Hardy Plumbing
September 26, 2007

Jennifer Garner: from the Silver Screen To Broadway



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Jennifer Garner knows how to take a punch.

That athletic prowess came in handy during a five-season stint as Agent Sydney Bristow on TV's "Alias." Garner still won't shy away from a fight, but the rules changed during the filming of director Peter Berg's The Kingdom.

"I'm not going to be killed by a couple of bruises, but because I was breastfeeding, my opponent had to stay away from my boobs. That was the one sacred thing," said Garner, who'd given birth to daughter Violet Anne in December 2005.

Otherwise, the scene was as realistic as it gets. "I had scratch marks that we had to cover up on my face for the next few days, from where he just tried to grab me and pull my face off. And he had a scab on his ear where I bit him. Oh, it was nasty. It was great," she added with mischievous glee.

Such spunkiness translates well onto the big screen in the high voltage political thriller sparked by a large-scale terrorist attack on a Western compound in Riyadh, Saudi Arabia. The Kingdom was loosely inspired by the FBI's investigation of the 1996 bombings of Khobar Towers in Dhahran, but the incident serves as little more than a jumping-off point for rapid-fire action, peppered by Jamie Foxx's gallows repartee.

As FBI Special Agent Ronald Fleury, Foxx assembles an elite team (Garner, Chris Cooper and Jason Bateman) and sets up a secret five-day trip to flush out the madman terrorist.

A firm proponent of improvisation, Berg didn't waste time on rehearsals. Instead he packed his cast off to FBI school to master lingo, procedures and techniques.

"We did an exercise where the actors simulated the kind of mission that we would actually be on in the movie. It terrified me. I just remember that day being so grateful that I don't have to do that in real life. I couldn't believe that we send these kids over there to do that," the Golden Globe recipient for "Alias" explained.

When pressed further, Garner diplomatically insisted, "I am not a particularly, outwardly, a political person. So I focused more on Janet Mayes being a forensics expert and what it would be like for her in that circumstance."

"Another thing that makes The Kingdom great to me is that you really see our Saudi Arabian counterparts in the movie at a full 360 degrees. You see Ali's [Suliman] character at home helping his father kneel into the prayer position, and Ashraf's [Barhorn] character with his kids and his wife and what his life is like. So there is no judgment put on anyone. The film very much says, we are all the same. There are no solid heroes. It's not like the U.S. is coming in with guns blazing and a 'We'll take care of it' attitude."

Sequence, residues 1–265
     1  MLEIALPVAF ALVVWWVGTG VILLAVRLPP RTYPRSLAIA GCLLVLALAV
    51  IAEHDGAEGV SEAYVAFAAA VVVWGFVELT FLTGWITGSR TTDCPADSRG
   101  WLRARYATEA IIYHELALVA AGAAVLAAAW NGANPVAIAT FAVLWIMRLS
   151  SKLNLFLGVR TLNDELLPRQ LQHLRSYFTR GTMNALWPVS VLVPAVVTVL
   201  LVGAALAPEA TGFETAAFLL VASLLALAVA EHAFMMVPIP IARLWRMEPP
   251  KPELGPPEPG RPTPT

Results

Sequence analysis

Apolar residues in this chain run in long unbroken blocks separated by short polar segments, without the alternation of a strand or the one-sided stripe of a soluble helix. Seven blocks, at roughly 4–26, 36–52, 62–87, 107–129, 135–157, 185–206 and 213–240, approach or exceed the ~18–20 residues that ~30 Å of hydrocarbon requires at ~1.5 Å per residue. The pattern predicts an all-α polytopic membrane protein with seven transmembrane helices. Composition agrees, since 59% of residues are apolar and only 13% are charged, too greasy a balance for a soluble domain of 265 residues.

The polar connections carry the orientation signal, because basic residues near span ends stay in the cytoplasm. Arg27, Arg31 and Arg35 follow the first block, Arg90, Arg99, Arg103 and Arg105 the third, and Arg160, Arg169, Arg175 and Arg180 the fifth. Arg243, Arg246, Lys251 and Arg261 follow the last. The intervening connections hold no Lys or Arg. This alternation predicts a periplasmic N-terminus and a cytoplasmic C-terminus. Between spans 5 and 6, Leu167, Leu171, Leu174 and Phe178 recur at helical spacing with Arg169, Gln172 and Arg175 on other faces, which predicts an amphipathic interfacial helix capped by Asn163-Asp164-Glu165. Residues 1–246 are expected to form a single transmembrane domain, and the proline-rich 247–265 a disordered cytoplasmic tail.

Interviewing several female FBI agents, the 35-year-old Houston, Texas native became fascinated by the feminine touches – hairstyles, makeup, mannerisms and particularly what was in their pockets. She confessed, "Whether I used that stuff or not in the scene, I was always going to the prop guy, 'I think I need some more gloves. I think I need more lollipops . . .' and he was like, 'Ok, Jennifer's pockets. Let's fill them up."

For the next few months, the Big Apple will be home to the Afflecks. Jennifer is set to star as Roxanne, opposite Kevin Kline, in Cyrano de Bergerac premiering November 1 at Broadway's Richard Rodgers Theatre.

Excitement permeated her voice. "I am freaking out and so excited. It's always been my absolute dream of all dreams. All of this stuff that I have done has been accidental. I always, always meant to be on stage," she said, adding, "I only ended up even auditioning for television and movies because I was understudying for Month in the Country, with Helen Mirren and Ron Rifkin, and was so broke that when I got a miniseries I had to take it. I was so ashamed, because I was such a snob. This was something I couldn't pass up, being in New York in the fall, getting to say these words. Just thinking about it, I get so excited," she said.

Garner isn't the only one in the family trying something new. Husband Ben makes his directorial debut on October 19 with Gone Baby Gone. Based on Dennis Lehane's novel, it co-stars Casey Affleck and Michelle Monaghan as Boston private detectives investigating the case of a missing four-year-old girl.

"Have you seen it?" she asked. Not pausing for an answer, she added, "It's pretty great, right?"

Taking into account the couple's mutual admiration society, a joint project seems inevitable. Garner disagreed. "I don't think I would ever star in a movie that Ben directed because somebody has to raise the kids, but he'd better eventually find a little something for me. Or he'll pay for it," she said.

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